India slams Kabul hospital terror strike that killed 11 mothers, 2 newborns

India on Tuesday condemned the terrorist attack at a maternity clinic in Kabul that killed 16 people including 11 mothers and 2 babies. An external ministry statement described the attack as “barbaric”.

A group of terrorists had stormed a maternity hospital in western part of Kabul and opened fire. A gunfight with security forces ensued. When it ended several hours later, officials confirmed that 16 people had died and an equal number were injured.

Counter-terror officials Kabul said 11 mothers and at least two newborn babies were among the dead.

“Such reprehensible attacks, including on mothers, newly-born children, nurses and mourning families are appalling and constitute crimes against humanity,” the external affairs ministry said in a statement late on Tuesday evening.

“The perpetrators of such heinous acts and their sponsors and supporters should be held accountable and brought to justice. They should be forced to eradicate safe havens and sanctuaries that have abetted terrorism in the region for decades and caused immense miseries to untold number of people in the region,” New Delhi said in an unusually sharp reaction, that one official said, matches the brutality of the terror strike.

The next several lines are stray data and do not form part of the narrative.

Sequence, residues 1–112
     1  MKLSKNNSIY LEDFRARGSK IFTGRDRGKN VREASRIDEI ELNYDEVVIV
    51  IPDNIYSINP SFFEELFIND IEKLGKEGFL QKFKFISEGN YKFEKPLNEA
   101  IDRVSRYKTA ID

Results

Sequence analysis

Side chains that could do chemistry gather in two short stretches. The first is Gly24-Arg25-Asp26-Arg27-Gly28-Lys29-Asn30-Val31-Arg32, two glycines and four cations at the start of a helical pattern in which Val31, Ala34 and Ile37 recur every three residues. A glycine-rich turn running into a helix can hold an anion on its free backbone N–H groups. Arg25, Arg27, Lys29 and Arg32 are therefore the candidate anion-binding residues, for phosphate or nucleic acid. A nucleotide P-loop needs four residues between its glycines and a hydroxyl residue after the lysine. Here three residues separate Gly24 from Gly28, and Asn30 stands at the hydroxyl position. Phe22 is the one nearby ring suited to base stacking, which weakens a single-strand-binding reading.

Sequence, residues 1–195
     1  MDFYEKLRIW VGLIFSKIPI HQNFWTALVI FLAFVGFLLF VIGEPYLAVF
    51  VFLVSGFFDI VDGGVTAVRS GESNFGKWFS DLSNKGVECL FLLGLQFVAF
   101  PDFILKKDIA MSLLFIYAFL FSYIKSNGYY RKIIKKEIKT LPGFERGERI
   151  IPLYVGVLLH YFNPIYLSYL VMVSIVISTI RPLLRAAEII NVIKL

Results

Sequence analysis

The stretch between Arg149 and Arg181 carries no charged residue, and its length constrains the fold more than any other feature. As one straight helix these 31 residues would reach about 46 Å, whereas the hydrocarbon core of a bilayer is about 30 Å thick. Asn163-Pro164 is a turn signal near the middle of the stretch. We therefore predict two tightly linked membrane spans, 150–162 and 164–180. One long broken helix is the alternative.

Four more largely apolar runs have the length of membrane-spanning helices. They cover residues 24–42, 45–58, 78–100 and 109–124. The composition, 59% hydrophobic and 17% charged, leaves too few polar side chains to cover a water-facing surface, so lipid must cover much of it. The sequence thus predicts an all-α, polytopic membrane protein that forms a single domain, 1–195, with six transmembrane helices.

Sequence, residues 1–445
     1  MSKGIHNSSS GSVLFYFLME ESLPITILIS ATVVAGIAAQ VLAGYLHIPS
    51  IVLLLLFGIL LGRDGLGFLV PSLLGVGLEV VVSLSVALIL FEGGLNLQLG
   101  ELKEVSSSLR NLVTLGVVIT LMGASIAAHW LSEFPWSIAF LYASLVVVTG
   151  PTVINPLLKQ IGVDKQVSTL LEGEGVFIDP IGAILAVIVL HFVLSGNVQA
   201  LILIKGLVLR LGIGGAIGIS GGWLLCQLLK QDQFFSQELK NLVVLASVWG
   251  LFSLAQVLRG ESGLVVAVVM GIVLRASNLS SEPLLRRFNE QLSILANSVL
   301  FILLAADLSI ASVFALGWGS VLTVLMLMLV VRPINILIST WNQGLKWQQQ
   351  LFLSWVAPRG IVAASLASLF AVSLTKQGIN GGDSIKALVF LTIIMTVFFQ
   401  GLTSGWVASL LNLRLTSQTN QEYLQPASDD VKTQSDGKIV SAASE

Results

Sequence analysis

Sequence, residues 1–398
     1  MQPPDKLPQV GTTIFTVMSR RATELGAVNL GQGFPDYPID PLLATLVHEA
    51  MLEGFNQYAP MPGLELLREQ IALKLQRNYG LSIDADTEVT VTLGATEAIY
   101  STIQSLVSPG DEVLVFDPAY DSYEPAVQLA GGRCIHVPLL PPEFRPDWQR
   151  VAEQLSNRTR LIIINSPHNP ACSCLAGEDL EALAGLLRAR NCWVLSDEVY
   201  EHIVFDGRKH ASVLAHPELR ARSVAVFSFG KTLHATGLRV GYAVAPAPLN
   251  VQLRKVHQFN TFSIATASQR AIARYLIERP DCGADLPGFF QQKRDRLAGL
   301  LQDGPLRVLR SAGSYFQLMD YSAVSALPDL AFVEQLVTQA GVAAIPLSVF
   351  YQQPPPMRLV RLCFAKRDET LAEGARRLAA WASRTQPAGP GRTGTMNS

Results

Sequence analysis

No one immediately claimed responsibility for the attack in Kabul, where both the Taliban and the Islamic State Khorasan Province frequently target Afghan military and security forces, as well as civilians.

The Taliban denied they were involved.

Counter-terror officials in Delhi and Kabul signalled they would let the investigators complete the probe before arriving at any conclusions. The Taliban had denied involvement in the March 25 Kabul gurdwara attack also. But the Afghan security forces last week busted a module being jointly run by the ISKP and the Taliban-linked Haqqani Network that has strong ties to Pakistan’s deep state. This joint module was responsible for the March 25 gurdwara attack, the Afghan forces had said.

Tuesday’s attack provoked Afghanistan Ashraf Ghani to deliver a televised address to the nation that ordered security forces to end their “active defence position” and “return to offensive postures, and resume their operations against the enemy.”

Also Read: What the Afghan peace deal means | Opinion

While the firefight at Kabul’s Dasht-e-Barchi hospital was underway, a suicide bomber targeted a funeral ceremony in Nangahar province - a hotbed of the Islamic State group - killing at least 24 people and injuring 68. There was a third attack on an Army check post in Laghman province.

Tuesday’s terror attacks could jeopardise a tottering peace deal signed between the United States and the Taliban in February. But the pact has not stopped attacks on Afghan security personnel and other civilian targets.

In its statement, New Delhi said the holy month of Ramzan should be a period of fasting, prayer and reflection. “We call for an immediate cessation of terrorist violence and cooperation to deal with the humanitarian situation arising from the spread of coronavirus in Afghanistan,” the external affairs ministry said.


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